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"Tooking for a Lowel" - remembering Patrick Campbell

Patrick Campbell, BBC TV, 1970
Lying awake to the cacophonous accompaniment of nightlong rubble clearance from the demolition site below my balcony, my sleep deprived mind came briefly, if randomly, to rest on a reminiscence of an old-style Irish columnist, raconteur and 'personality' (we had these in the days before celebrities) called Patrick Campbell. 
It occurred to me that if he were alive today he'd have made a perfect blogger, with his unfailing ability to weave something from nothing. For example, long before Douglas Adams wrote Hitch Hiker's Guide, Patrick Campbell had penned a short story called Tooking for a Lowel, possibly the first literary exploration of the effects of separation from one's bath towel. Did Adams plagiarise it? Almost certainly not, but it's not important.
The reason for Campbell's night visitation was another of his stories in which he describes, in excruciating detail, trying to write his column while a road gang were giving it big licks with pneumatic drills just outside his window. As he observed, it's not the drill noise itself that destroys the nerves. The brain can shut out almost any constant noise. It's the sudden silences punctated by the gasping compressor, the sudden restart of the next salvo. It's the anticipation that murders sleep. The dread.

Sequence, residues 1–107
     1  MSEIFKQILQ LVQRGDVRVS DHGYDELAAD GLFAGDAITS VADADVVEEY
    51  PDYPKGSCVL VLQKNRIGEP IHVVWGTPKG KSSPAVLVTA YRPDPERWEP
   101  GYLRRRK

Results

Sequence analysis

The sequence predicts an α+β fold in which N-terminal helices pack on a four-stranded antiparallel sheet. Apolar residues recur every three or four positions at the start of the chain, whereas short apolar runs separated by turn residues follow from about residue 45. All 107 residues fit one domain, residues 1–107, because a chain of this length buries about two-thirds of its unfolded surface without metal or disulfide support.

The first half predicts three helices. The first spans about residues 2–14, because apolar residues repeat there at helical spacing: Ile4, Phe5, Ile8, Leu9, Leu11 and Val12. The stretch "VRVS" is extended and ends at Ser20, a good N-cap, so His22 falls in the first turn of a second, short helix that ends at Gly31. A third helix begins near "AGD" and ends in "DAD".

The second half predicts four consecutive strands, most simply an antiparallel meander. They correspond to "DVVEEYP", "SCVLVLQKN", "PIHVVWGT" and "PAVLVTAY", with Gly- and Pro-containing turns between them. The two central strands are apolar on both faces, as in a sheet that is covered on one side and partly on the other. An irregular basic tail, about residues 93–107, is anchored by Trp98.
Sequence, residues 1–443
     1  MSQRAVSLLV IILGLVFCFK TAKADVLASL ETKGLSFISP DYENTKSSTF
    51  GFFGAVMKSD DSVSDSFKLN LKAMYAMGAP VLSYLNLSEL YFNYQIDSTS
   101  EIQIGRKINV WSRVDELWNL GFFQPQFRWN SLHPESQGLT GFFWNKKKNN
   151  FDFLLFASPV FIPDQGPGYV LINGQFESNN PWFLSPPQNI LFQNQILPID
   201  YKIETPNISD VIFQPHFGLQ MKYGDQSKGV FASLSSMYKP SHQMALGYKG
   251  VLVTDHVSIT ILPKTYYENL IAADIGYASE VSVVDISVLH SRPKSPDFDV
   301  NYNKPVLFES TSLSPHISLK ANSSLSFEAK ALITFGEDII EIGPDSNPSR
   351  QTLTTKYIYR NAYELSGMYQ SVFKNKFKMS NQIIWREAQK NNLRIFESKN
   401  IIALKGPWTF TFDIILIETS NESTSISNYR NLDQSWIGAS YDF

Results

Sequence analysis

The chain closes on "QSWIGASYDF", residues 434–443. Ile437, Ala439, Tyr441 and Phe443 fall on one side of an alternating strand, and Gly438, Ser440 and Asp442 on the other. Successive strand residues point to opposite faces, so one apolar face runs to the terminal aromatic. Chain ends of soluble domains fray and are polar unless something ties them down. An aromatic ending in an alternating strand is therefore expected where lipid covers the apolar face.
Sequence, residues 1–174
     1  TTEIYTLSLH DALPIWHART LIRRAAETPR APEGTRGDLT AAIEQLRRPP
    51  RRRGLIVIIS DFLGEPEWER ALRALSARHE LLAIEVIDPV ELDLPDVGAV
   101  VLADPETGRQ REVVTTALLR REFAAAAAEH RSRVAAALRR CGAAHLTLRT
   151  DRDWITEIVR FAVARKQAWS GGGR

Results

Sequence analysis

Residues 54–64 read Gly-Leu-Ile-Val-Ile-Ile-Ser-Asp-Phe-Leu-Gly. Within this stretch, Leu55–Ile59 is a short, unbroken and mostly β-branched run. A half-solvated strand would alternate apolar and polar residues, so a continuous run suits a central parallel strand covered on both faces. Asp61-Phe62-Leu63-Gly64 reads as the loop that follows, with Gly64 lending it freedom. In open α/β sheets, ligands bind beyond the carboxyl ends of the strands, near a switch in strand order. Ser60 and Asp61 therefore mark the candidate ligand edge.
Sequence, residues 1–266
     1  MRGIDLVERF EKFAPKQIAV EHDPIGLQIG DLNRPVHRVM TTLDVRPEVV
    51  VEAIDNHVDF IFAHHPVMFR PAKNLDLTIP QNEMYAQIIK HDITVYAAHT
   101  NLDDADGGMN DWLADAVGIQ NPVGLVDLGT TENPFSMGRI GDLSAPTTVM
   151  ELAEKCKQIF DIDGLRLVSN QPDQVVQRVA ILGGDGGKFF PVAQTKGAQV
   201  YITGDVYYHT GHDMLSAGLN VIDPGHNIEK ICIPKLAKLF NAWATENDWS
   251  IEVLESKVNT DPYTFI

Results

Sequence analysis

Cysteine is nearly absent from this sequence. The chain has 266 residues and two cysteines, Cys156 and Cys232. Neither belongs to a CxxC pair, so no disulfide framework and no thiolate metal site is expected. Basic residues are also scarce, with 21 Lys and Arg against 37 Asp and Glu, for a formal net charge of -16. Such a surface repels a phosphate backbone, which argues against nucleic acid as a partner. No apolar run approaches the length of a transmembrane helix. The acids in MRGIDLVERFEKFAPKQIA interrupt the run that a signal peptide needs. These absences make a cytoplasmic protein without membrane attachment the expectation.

Campbell had his drills. I have my JCB. Pity the poor souls in Libya whose current 'irritation' is heavy ordnance.

2 comments:

  1. You and Patrick Campbell are kindred spirits it seems. Hopefully your demolition crew will bash themselves out of work soon and your nights can return to normal.

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  2. theguff - I'm hoping they'll have finished by the time I get back from work today. If not, it's another night in the pub...

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